Sunday, September 17, 2017

Talking to Norway: "You Are Ruining Our Lives"

Hello Norway speaks with Ernest Alfred "They are the trespasser here, not us."

by Chief Ernest Alfred/Hello Norway

via AlexandraMorton

Below is an online translation - well done Ernest Alfred


The chief who occupies a Marine Harvest farm in Canada: "You are ruining our lives."

DATE: 14.09.2017 / AV: Kjetil Østli and Simen Sætre Tweet

The Musgamagw Dzawada'enuxw first nation from Kingcome Inlet has occupied Marine Harvest's fish farms. Thus, two plants are now occupied. Photo: Simon Ager, Sea Shepherd

At this moment, an open dispute between Norwegian aquaculture companies in Canada and parts of the indigenous peoples (First Nations), supported by the Sea Shepherd Environmental Protection Organization, is ongoing. Three out of four fish farms on the Canadian coast have Norwegian owners: Marine Harvest, Cermaq and Grieg Seafood. On August 23, a group of First Nations joined a peaceful occupation of Marine Harvest's plant in Alert Bay. Marine Harvest is the world's largest seafood company. A second fish farm is also occupied. Sunday we succeeded in getting one of the drivers, chief Alfred, in speech:

Hello Norway.

Hello Canada.

Perhaps we'll be broken, the coverage is unstable here on the sea. And unfortunately I have to make the interview short, strong winds are on my way, we must strengthen the house we have built at the farm to protect it from the wind.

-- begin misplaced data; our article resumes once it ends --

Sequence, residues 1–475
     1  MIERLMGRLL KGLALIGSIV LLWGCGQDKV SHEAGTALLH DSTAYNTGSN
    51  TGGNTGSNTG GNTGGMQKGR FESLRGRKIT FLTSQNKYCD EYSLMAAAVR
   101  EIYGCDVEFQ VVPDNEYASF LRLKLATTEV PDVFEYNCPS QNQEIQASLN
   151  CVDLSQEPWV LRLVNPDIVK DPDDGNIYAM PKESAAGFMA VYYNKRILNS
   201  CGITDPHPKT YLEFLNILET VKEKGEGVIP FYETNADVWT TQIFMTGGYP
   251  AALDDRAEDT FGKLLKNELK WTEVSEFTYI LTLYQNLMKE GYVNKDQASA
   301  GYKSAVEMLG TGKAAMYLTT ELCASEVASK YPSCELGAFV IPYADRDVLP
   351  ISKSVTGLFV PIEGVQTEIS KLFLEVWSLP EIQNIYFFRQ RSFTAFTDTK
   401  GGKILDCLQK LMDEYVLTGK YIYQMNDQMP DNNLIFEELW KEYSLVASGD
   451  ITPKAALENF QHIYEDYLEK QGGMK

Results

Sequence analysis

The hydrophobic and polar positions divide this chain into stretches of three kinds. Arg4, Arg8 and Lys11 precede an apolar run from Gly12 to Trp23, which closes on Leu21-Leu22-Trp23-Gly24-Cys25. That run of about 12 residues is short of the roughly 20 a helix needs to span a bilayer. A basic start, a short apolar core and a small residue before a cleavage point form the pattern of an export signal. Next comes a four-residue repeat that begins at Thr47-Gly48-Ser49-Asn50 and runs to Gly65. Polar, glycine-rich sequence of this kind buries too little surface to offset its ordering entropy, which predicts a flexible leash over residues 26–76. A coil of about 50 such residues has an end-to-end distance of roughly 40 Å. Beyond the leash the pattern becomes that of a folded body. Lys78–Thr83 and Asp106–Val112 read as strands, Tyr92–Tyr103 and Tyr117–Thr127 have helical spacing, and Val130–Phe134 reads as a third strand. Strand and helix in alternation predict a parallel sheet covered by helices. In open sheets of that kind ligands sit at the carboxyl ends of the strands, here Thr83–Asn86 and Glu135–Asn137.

Okay. What is your full name? 

Chief Ernest Alexander Alfred.

Which First Nation do you represent? 

I represent more, but I belong to the Namgis, Lawit'sis and Mamalilikala Nations. Maybe I should spell this for you?

We find it on the internet, they have everything online now. But what is a chief? There are few chiefs in our country.

A chief must represent his family. But in this case, against the aquaculture industry, I speak on behalf of thousands of First Nation people. (First Nations: Indigenous People in Canada, South of the Arctic. They count about 850,000.)

And the message is? 

We want the farmed salmon industry to go. They destroy nature that is our basis of life. That is the backdrop of this peaceful action.

According to Canadian media, the action is spreading? 

Support comes from more and more First Nations. Our neighbors, The Musgamagw Dzawada'enuxw from Kingcome Inlet, have occupied the Midsummer fish farm. Our patience is used up: The aquaculture industry must go some where they are welcome. Because they are not welcome here.

Where are you right now? 

At Marine Harvest's fish farm at Swanson Island in Alert Bay, British Columbia, Canada, which from far back in history is home to Mamalilikala Nation.

How long have you lived there? 

We have been here long before Canada became a nation and before Europeans came. I would say: We have lived here since the beginning of time.

Can you describe the landscape outside the fish farm? 

I see big pens, anchored into the ocean in a small bay on the eastern side of Swanson Island. The aquaculture plant has been here for a couple of decades, and it is our opinion that this industry ruins our life base and pollutes our food. Many of us do not have money for food from the store. We live by the ocean and we live from the earth. We live from what we can harvest. But then the following happened: Pollutants, Marine Harvest, one of three Norwegian companies operating in our area, produces farmed salmon where we live and where our children will live. The effect of the aquaculture industry, as we see it, is a sharp reduction of wildlife stocks, dirty beaches, dead herring caught in the cages, and shells, crabs and shrimp fish at risk.